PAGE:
Sat, Jun 14, 2014 - Page 7 News List

Fissures among US Republicans


An establishment US Republican Party politician secured a clear shot to become the US House of Representatives majority leader, but his likely ascent leaves the party’s ultra-conservative Tea Party wing out of the chamber’s top leadership jobs and fuming, as well as exposing deep fissures within the party.

House majority leader Eric Cantor suffered a stunning defeat to little-known college professor Dave Brat in the Virginia Republican primary, a race that underscored the rift within the party between establishment conservatives and further-right contenders pressing for no-compromise ideological stances.

Brat cast Cantor’s past positive comments about possible immigration changes as an “amnesty” for illegal immigrants — a characterization Cantor heatedly rejected — and turned it into a defining issue in the race.

Cantor said on Wednesday that he would step down as majority leader at the end of next month. He endorsed US Representative Kevin McCarthy as his successor. The No. 3 Republican in the House was set to take the No. 2 job in the House, after his sole rival — Texas Republican Pete Sessions — dropped his bid in the leadership fight on Thursday night.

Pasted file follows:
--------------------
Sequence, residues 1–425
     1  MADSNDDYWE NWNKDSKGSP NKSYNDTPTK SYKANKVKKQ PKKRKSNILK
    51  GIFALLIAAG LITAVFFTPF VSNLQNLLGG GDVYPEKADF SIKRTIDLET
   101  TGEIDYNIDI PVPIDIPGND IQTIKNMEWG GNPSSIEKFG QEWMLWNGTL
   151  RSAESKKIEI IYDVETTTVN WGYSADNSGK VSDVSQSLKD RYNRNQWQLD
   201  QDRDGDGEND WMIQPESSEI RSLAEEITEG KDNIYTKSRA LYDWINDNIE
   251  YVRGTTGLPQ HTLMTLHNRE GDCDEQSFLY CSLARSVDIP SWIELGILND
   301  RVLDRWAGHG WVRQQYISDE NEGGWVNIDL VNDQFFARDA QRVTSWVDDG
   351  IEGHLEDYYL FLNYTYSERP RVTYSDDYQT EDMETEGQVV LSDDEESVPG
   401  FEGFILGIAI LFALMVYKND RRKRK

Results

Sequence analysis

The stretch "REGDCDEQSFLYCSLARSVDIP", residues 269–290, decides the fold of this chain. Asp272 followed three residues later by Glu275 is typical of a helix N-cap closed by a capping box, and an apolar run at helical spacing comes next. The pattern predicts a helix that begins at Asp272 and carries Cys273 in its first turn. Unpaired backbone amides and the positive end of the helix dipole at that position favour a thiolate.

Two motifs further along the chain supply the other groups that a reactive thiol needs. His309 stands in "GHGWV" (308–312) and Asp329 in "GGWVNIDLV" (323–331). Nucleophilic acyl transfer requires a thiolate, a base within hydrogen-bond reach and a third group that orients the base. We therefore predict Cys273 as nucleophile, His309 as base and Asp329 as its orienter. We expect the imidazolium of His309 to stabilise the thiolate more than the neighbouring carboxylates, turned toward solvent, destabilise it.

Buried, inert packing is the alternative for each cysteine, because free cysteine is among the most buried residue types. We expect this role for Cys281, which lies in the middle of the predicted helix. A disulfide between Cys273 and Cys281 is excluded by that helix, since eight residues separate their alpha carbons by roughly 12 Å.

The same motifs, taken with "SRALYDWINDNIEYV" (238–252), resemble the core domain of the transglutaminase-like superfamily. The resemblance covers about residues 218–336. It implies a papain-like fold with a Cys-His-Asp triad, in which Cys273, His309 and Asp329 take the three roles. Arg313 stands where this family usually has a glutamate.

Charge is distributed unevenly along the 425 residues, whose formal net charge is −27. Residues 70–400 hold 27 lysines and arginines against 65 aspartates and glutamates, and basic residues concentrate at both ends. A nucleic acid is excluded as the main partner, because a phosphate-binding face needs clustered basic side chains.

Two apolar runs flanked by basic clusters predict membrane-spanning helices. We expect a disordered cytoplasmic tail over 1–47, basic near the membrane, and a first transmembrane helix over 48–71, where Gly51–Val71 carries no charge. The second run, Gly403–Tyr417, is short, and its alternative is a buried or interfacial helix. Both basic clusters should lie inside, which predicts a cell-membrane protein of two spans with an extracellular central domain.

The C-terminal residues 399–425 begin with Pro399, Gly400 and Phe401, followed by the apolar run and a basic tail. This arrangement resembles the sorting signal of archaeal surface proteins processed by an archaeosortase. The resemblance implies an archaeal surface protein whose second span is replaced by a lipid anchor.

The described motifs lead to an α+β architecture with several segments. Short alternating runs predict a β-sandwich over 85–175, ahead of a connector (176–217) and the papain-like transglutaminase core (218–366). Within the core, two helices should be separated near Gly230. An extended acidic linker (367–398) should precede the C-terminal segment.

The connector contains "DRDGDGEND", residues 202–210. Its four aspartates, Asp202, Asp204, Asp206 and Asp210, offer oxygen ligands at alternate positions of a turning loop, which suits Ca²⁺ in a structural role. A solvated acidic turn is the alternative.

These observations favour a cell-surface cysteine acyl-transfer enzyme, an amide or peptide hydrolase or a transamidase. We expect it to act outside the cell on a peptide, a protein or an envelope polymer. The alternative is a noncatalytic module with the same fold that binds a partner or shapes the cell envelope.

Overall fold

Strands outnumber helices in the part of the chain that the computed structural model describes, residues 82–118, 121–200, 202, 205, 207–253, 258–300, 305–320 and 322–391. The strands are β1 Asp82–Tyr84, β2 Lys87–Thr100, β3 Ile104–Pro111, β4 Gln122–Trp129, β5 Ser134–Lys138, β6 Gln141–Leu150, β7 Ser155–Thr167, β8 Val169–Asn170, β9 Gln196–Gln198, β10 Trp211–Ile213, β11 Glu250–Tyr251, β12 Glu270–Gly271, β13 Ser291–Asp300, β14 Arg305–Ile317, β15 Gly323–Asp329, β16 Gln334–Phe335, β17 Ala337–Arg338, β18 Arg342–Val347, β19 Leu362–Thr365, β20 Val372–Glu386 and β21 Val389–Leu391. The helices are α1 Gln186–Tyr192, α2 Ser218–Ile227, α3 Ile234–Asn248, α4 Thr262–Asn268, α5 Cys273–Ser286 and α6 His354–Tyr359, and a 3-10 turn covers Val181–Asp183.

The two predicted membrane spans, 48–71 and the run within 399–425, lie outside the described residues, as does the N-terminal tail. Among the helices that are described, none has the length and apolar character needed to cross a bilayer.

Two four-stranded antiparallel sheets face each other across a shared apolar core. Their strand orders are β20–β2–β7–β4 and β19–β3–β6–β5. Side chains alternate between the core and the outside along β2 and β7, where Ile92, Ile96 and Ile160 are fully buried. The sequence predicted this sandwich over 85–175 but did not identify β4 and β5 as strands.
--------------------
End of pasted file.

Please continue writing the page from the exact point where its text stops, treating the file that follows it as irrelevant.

Republicans sought to project an aura of unity, but failed to quiet conservative complaints that such quick party elections after Cantor’s defeat gave them little time to rally around an alternative who better reflects the right wing’s ideology and the emboldened Tea Party.

Votes are scheduled for Thursday next week for majority leader, the No. 2 job behind House Speaker John Boehner, and for majority whip, the No. 3 party post.

However, that may well not be the end of it. Several Republicans asserted that next week’s action would not quiet ambitious legislators or factions in the party caucus, and leadership contests after November’s US midterm elections could produce a brand-new lineup.

Cantor is the first House majority leader to lose his seat by being defeated in a party primary election since the post was created in 1899, according to Eric Ostermeier, research associate at the University of Minnesota’s Center for the Study of Politics and Governance.

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